see the wider computer users not understanding that they can read their 
email locally and what is on the online website user interface is 
exactly the same, but just a different view from the same data (maybe 
pop3 with no "keep on server" is to blame here). The result is that they 
don't use those kinds of tools (it can be interesting to see how many 
people configured thunderbird on their machine).

So why installing them at first? Why not providing a great out of the 
box experience for them like "I click on this email icon and it 
connected me to the corresponding webapp"?

> Assuming all targeted web applications maintain the same user
> experience and protocols for the life cycle of an Ubuntu release,
> making the current components of GNOME such as the launcher able to
> use web applications with local or remote files would be a huge task.
It's already the case in 12.10, look for the webapps feature we 
introduced during the quantal release cycle development :)

> Consider your case of opening an ODT with Google Docs, gnome-vfs would
> have upload the document to a Google account through whichever method
> of doing this works right now, then the launcher would have to detect
> if this succeeded and create a window with only the Docs interface
> rendered and then the window manager would have to track all new
> windows spawned from this 'top level' window as being part of the same
> window group (how would BAMF handle this?) for the Unity launcher, etc.
Downloading/uploading documents is more complicated than the email case 
(and that's why I think we should start with email first), the matching 
and window/tab issue is already working in bamf today. That's why I 
think we should focus on this documentation transmission if we want to 
do it (at all) during the UDS session.

> While I can imagine a desktop that did all these things, while
> maintaining the current set of tools and not requiring a behavioral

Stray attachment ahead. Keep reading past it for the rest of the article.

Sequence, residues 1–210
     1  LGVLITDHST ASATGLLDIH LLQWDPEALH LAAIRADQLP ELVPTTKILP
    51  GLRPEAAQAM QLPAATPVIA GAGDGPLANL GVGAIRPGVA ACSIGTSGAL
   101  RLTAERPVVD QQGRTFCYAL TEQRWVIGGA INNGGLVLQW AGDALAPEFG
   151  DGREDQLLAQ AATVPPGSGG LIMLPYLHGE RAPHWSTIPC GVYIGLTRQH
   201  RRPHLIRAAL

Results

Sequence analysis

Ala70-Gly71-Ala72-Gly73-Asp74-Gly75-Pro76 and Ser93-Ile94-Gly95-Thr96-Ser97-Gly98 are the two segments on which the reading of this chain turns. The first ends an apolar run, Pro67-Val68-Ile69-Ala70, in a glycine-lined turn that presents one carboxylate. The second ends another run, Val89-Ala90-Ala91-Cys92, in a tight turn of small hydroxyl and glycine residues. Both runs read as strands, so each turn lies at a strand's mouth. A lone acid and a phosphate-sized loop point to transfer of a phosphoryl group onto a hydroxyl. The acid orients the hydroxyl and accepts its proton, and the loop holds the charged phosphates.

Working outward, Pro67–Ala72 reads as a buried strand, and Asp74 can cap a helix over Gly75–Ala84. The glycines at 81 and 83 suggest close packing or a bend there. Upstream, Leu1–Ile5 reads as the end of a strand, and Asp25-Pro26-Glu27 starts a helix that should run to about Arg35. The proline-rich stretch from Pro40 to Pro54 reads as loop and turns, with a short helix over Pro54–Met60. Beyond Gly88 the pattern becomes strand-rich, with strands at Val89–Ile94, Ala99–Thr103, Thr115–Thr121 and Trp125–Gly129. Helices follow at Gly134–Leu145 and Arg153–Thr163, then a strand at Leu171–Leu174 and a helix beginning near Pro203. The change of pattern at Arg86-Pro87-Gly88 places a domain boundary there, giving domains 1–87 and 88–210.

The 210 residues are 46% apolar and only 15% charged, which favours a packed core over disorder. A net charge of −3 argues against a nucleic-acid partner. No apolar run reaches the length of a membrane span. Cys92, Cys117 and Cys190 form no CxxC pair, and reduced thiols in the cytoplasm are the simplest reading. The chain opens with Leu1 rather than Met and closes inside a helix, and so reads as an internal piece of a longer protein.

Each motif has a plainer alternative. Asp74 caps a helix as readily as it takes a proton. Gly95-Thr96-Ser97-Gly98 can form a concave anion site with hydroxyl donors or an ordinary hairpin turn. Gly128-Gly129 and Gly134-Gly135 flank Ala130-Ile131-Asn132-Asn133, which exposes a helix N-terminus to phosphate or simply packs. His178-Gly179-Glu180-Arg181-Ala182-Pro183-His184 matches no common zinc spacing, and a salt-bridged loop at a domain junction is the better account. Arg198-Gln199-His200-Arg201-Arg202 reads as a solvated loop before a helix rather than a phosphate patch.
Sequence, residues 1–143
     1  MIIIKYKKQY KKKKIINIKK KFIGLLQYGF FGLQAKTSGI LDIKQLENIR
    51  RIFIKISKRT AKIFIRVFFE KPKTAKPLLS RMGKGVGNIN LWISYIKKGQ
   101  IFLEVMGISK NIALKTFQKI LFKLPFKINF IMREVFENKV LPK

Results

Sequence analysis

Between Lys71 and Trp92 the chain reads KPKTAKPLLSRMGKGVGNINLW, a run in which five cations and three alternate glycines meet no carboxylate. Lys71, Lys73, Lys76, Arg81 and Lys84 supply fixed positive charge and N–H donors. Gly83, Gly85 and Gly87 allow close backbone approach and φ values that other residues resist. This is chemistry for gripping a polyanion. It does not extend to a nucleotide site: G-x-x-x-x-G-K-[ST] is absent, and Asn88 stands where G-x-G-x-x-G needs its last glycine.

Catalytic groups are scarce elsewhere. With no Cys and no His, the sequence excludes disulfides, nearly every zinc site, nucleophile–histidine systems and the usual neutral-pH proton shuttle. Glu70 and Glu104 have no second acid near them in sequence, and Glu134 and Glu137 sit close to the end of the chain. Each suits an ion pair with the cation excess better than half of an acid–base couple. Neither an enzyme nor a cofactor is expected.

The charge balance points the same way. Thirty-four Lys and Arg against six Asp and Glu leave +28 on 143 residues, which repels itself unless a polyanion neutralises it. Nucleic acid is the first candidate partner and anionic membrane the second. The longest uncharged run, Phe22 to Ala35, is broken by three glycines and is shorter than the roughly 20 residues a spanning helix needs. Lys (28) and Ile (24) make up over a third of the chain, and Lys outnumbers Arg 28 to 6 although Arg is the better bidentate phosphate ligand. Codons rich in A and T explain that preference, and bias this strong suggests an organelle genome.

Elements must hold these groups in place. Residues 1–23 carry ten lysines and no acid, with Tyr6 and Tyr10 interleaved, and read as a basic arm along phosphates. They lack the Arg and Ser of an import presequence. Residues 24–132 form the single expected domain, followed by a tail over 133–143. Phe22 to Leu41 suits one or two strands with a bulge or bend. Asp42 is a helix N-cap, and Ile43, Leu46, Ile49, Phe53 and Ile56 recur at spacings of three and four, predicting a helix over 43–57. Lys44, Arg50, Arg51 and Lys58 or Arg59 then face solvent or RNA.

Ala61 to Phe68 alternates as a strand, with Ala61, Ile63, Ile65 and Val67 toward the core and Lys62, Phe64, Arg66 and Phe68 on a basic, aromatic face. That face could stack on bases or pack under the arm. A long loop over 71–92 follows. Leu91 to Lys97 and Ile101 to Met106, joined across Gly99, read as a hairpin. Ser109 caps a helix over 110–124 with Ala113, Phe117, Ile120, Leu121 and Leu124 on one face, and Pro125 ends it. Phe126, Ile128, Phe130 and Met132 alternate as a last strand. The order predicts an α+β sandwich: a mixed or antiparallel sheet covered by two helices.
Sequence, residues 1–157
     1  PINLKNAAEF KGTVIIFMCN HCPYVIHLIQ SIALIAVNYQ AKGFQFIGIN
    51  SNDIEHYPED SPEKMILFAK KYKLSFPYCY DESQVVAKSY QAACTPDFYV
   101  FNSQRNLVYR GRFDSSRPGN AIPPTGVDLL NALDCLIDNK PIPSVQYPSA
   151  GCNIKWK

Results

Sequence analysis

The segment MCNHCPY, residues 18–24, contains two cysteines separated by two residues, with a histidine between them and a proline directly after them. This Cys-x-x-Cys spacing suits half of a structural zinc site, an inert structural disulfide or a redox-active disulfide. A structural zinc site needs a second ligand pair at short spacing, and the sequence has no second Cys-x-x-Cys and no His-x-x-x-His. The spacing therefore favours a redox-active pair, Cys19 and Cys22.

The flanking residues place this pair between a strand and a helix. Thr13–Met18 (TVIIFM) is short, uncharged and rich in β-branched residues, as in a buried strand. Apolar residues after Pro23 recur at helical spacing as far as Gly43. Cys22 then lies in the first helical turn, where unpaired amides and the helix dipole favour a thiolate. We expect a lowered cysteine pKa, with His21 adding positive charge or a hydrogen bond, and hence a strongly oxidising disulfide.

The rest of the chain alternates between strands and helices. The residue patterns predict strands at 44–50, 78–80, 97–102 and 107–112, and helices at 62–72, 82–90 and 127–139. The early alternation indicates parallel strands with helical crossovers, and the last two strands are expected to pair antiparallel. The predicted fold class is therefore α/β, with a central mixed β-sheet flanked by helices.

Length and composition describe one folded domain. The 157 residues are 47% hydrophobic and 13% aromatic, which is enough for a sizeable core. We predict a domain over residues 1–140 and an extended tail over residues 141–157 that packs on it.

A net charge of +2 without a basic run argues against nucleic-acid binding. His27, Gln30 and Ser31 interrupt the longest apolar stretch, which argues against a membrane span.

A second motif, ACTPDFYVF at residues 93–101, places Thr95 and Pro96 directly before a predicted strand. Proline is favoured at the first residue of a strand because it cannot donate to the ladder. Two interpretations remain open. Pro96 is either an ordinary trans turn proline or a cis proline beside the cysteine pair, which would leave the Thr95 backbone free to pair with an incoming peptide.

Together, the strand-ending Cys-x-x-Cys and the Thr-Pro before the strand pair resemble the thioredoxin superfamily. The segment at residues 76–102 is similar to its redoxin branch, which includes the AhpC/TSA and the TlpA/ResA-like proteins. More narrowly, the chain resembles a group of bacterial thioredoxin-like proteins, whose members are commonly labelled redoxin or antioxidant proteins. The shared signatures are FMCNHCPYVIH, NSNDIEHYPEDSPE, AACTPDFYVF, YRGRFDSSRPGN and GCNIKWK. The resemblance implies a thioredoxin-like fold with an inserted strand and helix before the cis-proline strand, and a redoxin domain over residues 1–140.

> change for user would be very cool .. I think your idea of how this
> would work is not good because it would remove nearly all current
> functionality and be architecturally complex.

I don't really agree: we don't remove anything, we are proposing a smart 
way of detecting the user intent and habits, to make the desktop more 
personal and adapted to the user itself. All the apps we already shipped 
would be in main, still maintained by the desktop team. So no change in 
any case for people liking using libreoffice for instance.

> Please do not remove all existing functionality chasing web
> application nirvana
> As an aside, Desktop Team .. why is not possible to add more
> functionality instead of replacing current functionalities with a new
> and non overlapping set of new and untested functionalities? Why does
> each new paradigm introduce SERIOUS (I cannot overstate this)
> regressions over the last paradigm.
> Ubuntu no longer runs in a virtual machine because of it's 3D graphics
> requirements, in 2006 this would have been considered a Very Bad
> Thing, why is it acceptable now?

This is a separate topic covered already, but feel free to create a new 
thread (you would notice 2006 is 6 years after 2012 and that hardware 
evolves…) :)